Getting the new business process right for corporate fundraising


I have spent a lot of time working with charities to help them hone their corporate fundraising effort. One issue that comes up regularly is the challenge of how to create a new business approach that gets results; this challenge is especially acute when teams are smaller. For me, much of the solution lies in three key ingredients: having a tightly defined target audience; developing a clear proposition; identifying where prospects will come from. This blog unpacks a few key tips for putting these things in place.

Have a tightly defined target audience

Many charities often have either an ill-defined target audience or too many segments to aim at. This results in teams becoming too thinly spread and not understanding their market deeply enough. Having a tightly defined target audience, with a small number of clear segments, means teams can focus time on understanding the segments and then targeting them appropriately. Before attempting to define the target audience segments, it is useful to recall the things that drive a company to support a charity. These vary depending on the nature of the support. For example, sponsorship is about boosting sales or building brand awareness (in order to boost sales down the line), whereas charity of the year or employee fundraising relationships are driven by a desire to impact employee motivation and the employee perception of the company.

In the sponsorship example, the charity needs to show how a partnership can help the company engage customers. In the charity of the year / staff fundraising example, the charity needs to demonstrate its ability to build a partnership that engages employees. By identifying those sectors and companies where your charity can create customer synergy, and those sectors and companies where your charity can create employee synergy, you can start to define some audience segments.

Develop clear proposition(s)

When you think about how you will target the different audience segments, you must have a clear and compelling case for support. When corporate teams struggle with new business, it is often because they don’t believe in what they are selling. This happens when the proposition is not clear or compelling.

To take a corporate sector example: imagine someone working in sales at logistics firm UPS. When pitching logistics services to other businesses there would be an absolute clarity about, and confidence in, the proposition. The sales person would be clear on the benefits they are selling (e.g. the coverage of the population, reliability, real time tracking etc.). The point is that those who are driving new business are clear on the offer and confident in pitching it.

For a corporate fundraising proposition to work it needs a number of components. These can be dialed up or down depending on whom you are seeking to engage but all the components should be evident. When I develop cases for support for charities I work through a tried and tested series of questions to define the proposition. As a minimum this delivers clarity on:

  • The problem or need that your charity seeks to address
  • Your solution for that problem or need i.e. how you plan to address it
  • The outcomes that will result if you put your solution in place
  • The business benefits to the company if they choose to partner with you
  • The point of difference that working with your charity will deliver

At the end of this process you should have something that is clear and simple. It should not need further explanation. Developing something robust with all of these components gives corporate fundraisers a proposition that they understand, believe in and can pitch with gusto.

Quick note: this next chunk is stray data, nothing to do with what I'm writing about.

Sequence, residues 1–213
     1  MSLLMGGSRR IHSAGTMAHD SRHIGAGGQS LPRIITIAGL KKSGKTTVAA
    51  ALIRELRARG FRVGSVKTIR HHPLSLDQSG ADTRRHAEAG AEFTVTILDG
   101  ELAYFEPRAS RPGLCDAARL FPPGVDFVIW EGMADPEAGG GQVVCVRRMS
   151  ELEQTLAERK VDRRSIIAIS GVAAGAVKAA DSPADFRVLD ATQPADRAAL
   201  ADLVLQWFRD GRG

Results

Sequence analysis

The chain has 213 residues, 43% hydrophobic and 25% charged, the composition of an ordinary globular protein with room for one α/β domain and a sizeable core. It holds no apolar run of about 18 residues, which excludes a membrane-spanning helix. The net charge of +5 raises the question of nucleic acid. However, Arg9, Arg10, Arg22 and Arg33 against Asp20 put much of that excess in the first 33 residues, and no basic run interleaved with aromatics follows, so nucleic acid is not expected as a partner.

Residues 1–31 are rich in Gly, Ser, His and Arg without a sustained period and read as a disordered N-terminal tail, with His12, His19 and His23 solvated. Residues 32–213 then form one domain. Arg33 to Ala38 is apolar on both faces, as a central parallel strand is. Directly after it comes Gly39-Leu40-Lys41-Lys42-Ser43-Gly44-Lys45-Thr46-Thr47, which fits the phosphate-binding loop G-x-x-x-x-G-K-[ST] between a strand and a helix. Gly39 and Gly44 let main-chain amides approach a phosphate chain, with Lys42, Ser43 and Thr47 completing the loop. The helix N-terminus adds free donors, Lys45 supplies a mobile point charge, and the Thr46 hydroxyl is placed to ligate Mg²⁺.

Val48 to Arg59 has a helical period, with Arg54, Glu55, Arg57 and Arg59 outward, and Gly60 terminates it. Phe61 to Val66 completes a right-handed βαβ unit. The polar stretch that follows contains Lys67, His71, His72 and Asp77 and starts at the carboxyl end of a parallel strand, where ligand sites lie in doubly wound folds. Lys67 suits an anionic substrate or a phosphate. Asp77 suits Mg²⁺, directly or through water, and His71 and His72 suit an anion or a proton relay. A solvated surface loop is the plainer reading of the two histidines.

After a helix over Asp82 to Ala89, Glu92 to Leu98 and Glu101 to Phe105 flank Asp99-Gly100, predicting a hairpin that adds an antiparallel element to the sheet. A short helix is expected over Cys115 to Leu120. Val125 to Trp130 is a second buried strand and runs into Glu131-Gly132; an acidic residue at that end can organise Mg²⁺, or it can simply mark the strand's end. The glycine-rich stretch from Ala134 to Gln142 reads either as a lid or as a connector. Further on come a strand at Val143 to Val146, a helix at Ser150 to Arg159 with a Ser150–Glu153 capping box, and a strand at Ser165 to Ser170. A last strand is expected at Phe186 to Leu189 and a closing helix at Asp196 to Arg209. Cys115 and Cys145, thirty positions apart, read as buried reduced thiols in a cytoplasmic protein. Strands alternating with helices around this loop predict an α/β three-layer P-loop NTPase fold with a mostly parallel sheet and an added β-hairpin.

There does need to be some self-reflection when doing this: can you really deliver the sort of business benefits you claim? For example, if you are looking at employee synergy, then your cause area should resonate with the workforce you are targeting and you should be able to confidently state that staff groups will find it easy to get behind your cause.

Identify where prospects will come from

Many charities don’t have trustees with great corporate networks. This does put a charity at a disadvantage - but it is quite a common issue, and it doesn’t mean you can’t create a prospect pool. Even with access to good trustee networks a charity should always look more widely for opportunities to cultivate relationships. Some good angles to consider are:

  • Publicized partnership opportunities such as charity of the year partnerships. This may seem obvious, but the research required to build up a good pool of these opportunities can be substantial. Therefore, you need to allow time for research or buy in a charity of the year database.
  • Cross-selling of leads from other areas of fundraising, such as the major gifts or community events teams
  • ‘Go where they go’ i.e. go to industry events and conferences, and network when you are there.
  • Media tracking – use keyword searches (your comms team may be able to help with this) and follow key decision makers from the target companies on social media; you can learn a lot about a prospect, and even warm up a cold relationship, via social media.

Putting it together

By being focused and clearly defining a few target audience segments, developing clear proposition(s) for those segments and thinking laterally to build a pipeline, you will be set up for success. Planning out the exact actions you will then take, and identifying the KPIs to track your progress, will enable you to complete the picture.

If you’d like to know more about how to create a strategy for winning new business,
contact us for details of our new business workshop.

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Grahame Darnell is an Associate Partner Consultant with THINK Consulting Solutions. To meet him, click here.